Skip to content

503 Error

503 errors are often caused by a malfunction in PHP. It is rare for the web server to be the cause of a 503 error, but just to be safe, you should rule that out first thing by checking whether the error occurs with Apache as well.

Does it Occur with Apache?

If your server is running on an Apache control panel, such as cPanel or Plesk, there is an easy way to determine whether an issue is caused by your LiteSpeed server:

  1. Temporarily switch to Apache
  2. Repeat the steps that originally led to the issue.

Are you able to reproduce the error under Apache?


If the error could not be triggered under Apache, then the problem is likely to be a LiteSpeed server issue. Please open a ticket from your client area or email and provide as many details as possible, so that we may assist you.


If Apache experiences the same problems, then the issue is not a LiteSpeed Web Server issue.

Switch back to LiteSpeed Web Server, and keep reading! Even though it is not a server problem, we have provided the following troubleshooting documentation that we hope will help you to find the solution.


Overwhelmed? Don't have the time or interest to deal with these steps? We can help. Engage our team through Hourly Support, and we'll do the troubleshooting for you!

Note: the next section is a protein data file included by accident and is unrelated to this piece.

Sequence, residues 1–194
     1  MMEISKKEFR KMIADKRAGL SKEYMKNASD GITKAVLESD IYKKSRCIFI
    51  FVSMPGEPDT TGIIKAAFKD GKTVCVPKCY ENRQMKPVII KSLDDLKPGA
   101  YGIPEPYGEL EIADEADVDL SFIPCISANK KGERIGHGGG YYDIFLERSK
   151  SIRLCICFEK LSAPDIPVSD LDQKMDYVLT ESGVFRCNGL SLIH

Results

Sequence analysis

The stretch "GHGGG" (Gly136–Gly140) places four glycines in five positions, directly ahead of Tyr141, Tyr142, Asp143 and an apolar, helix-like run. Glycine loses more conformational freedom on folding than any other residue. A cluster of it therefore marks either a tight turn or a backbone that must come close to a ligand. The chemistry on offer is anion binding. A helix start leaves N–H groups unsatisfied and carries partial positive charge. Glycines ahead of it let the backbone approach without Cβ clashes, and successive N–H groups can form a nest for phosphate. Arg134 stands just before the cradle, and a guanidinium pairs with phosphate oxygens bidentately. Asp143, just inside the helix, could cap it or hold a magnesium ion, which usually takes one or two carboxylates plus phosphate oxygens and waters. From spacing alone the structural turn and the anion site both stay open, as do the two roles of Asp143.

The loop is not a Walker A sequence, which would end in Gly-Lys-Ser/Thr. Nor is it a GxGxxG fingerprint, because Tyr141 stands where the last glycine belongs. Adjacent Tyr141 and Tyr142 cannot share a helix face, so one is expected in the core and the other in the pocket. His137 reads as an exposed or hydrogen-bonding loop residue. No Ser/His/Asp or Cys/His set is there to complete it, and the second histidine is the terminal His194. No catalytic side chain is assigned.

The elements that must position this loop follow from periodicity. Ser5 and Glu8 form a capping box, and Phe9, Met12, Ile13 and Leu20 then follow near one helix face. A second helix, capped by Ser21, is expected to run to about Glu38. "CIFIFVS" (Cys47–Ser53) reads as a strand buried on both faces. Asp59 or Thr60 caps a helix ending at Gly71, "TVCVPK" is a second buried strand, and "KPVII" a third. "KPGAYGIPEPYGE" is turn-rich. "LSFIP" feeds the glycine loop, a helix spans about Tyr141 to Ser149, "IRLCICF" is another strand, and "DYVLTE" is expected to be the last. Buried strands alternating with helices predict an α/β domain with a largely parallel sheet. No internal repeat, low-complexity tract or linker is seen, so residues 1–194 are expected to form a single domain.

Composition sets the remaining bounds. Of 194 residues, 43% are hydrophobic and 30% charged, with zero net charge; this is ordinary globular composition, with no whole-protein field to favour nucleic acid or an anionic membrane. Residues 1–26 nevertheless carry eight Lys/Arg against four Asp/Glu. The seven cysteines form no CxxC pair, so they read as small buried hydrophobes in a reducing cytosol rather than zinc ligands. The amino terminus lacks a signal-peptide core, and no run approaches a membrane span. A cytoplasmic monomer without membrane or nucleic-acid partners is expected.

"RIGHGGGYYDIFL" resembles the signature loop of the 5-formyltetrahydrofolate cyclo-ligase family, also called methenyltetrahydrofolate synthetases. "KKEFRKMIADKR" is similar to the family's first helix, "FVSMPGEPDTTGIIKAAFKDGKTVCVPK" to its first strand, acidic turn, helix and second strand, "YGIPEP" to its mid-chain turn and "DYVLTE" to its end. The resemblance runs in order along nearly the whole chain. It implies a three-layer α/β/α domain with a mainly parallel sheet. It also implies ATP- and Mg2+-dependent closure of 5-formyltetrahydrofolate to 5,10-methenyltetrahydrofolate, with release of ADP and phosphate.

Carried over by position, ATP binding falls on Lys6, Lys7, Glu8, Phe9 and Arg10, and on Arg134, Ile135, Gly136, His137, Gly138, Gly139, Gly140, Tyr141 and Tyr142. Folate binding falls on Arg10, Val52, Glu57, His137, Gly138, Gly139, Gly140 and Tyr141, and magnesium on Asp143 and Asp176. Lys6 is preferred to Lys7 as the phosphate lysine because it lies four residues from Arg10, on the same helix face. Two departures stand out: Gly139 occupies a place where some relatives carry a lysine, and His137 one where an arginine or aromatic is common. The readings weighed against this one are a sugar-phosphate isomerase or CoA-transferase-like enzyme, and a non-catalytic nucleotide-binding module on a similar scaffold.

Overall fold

If you are running LiteSpeed Web Server v5.3 or newer, you will need to restart PHP seperatly from LSWS.

$ sudo touch /usr/local/lsws/admin/tmp/.lsphp_restart.txt
$ sudo systemctl restart lsws

Quick Troubleshooting Guide

Before engaging us for Premium Support service, you may like to try a few of these simple steps to see if you can fix the error yourself:

  • Check the phpinfo page of the problematic user account. (Create a phpinfo.php file if no phpinfo page exists.)
  • Generally, the server's error_log or stderr.log should provide some hints as to the problem. For example, it may be a memory issue.
  • Disable opcode cache for the PHP version in use and verify from the phpinfo page.
  • Disable unsafe PHP extensions such as ZendGuardLoader, Suhosin, ionCube, etc.
  • Check disk space.
  • Try increasing the PHP memory limit (you can verify from phpinfo.php) and lsphp external app memory limit.
  • If you're using CloudLinux:
    • Check the LVE memory limit to see if it needs to be increased.
    • Check the LVE process limit to see if it needs to be increased.
    • Try to force an update of CageFS.

These are just a few simple quick fixes for you to try first. If they don't help, you can refer to the following log files for detailed steps/reasons, or engage our support as mentioned earlier.

Check Log Files

There are many different log files that may help you determine the cause of the 503 error. In this section we will discuss the different log files, their locations, and what information they provide.